fulness of breath should be tested by the respirometer. The
exercises should be carefully graduated to avoid overstrain and
possible damage to the lungs. This depth and fulness of breath
should be kept as much as possible, even in the rapid exercises,
with the exception of the sixth practice following.
10. Sixth practice. Let the Zelator breathe as shallowly and
rapidly as possible. He should assume the attitude of his
moment of greatest expiration, and breathe only with the
muscles of his throat. He may also practise lengthening the
period between each shallow breathing.
(This may be combined when acquired with concentration
on the viśuddhi chakra, i.e. let him fix his mind unwaveringly
upon a point in the spine opposite the larynx. ED)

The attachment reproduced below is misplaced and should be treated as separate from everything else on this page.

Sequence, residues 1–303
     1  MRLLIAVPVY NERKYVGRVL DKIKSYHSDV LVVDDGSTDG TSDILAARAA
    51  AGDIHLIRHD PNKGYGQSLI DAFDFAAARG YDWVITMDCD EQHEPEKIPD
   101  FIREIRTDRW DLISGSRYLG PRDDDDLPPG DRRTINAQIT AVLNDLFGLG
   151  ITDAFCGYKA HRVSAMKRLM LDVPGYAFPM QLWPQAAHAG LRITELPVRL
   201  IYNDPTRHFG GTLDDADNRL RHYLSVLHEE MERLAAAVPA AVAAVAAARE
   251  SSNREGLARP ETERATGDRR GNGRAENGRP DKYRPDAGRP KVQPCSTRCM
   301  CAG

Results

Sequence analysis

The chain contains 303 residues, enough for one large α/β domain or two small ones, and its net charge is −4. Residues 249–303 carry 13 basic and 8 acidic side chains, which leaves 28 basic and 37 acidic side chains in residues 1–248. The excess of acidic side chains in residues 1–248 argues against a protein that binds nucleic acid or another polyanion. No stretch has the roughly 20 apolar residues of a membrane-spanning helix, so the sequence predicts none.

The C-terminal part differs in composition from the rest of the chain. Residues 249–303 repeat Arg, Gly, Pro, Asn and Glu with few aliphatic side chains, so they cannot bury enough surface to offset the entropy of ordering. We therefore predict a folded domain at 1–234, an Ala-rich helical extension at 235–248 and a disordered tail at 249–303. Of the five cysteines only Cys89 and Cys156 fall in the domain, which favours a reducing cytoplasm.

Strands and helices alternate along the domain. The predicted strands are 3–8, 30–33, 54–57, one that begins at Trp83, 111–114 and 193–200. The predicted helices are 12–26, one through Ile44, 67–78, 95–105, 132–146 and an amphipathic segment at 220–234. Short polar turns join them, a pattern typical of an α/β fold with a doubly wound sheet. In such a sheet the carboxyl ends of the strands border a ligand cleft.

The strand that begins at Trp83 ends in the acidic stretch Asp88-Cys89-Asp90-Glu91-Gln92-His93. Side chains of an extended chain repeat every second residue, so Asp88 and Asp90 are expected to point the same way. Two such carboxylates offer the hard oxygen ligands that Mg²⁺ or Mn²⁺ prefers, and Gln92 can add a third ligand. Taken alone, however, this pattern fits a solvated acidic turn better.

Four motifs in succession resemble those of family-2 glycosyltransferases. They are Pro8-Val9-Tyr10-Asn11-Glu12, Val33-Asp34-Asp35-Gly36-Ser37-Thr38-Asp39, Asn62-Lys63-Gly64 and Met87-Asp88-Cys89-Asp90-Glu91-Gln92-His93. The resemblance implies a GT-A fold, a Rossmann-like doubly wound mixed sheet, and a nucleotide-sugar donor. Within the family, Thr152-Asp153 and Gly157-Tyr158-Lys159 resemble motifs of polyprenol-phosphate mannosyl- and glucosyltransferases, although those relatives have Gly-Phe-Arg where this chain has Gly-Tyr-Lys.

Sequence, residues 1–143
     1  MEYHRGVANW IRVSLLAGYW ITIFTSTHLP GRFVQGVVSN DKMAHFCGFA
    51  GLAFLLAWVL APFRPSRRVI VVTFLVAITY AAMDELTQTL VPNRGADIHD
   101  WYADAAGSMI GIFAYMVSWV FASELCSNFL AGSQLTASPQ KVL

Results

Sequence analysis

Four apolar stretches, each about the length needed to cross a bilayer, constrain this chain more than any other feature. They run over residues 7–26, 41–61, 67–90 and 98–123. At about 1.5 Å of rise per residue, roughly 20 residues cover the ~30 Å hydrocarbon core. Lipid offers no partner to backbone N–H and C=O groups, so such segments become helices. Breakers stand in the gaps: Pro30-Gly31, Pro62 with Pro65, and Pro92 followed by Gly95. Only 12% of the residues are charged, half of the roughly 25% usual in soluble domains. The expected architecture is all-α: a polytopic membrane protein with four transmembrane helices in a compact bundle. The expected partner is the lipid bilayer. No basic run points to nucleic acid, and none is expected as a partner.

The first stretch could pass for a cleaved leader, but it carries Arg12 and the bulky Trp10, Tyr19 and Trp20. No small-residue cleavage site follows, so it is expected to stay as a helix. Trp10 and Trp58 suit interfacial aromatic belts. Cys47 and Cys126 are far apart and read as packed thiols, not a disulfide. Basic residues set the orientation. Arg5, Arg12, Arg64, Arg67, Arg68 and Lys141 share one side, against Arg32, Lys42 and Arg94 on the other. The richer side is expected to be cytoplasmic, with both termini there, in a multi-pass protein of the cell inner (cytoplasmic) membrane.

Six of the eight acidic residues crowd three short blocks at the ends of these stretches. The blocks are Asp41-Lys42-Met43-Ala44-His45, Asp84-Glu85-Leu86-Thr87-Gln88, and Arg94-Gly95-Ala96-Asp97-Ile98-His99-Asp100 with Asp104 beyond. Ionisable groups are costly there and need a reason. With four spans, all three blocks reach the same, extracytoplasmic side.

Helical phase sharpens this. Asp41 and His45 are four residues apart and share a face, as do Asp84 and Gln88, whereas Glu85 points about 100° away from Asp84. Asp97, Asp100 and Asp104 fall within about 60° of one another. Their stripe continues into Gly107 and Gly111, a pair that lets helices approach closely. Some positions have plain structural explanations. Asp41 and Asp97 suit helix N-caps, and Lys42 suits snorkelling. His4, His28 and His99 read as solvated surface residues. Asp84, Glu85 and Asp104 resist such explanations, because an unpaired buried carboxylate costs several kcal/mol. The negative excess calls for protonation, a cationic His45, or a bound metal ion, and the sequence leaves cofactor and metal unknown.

11. Seventh practice. Let the Zelator breathe as deeply and
rapidly as possible.
12. Eighth practice. Let the Zelator practice restraint of
breathing in the following manner.
At any stage of breathing let him suddenly hold the breath,
enduring the need to breathe until it passes, returns, and passes
again, and so on until consciousness is lost, either rising into
samādhi or similar supernormal condition, or falling to
13. Ninth practice. Let him practise the usual forms of
prānāyāma, but let kumbhakha be used after instead of before
expiration. Let him gradually increase the period of this
kumbhakha as in the case of the other.
14. A note concerning the conditions of these
The conditions favourable are dry and bracing air, a warm
climate, absence of wind, absence of noise, insects, and all
other disturbing influences,1 a retired situation, simple food
eaten in great moderation at the conclusion of the practices of
morning and afternoon and on no account before practising.
Bodily health is almost essential, and should be most carefully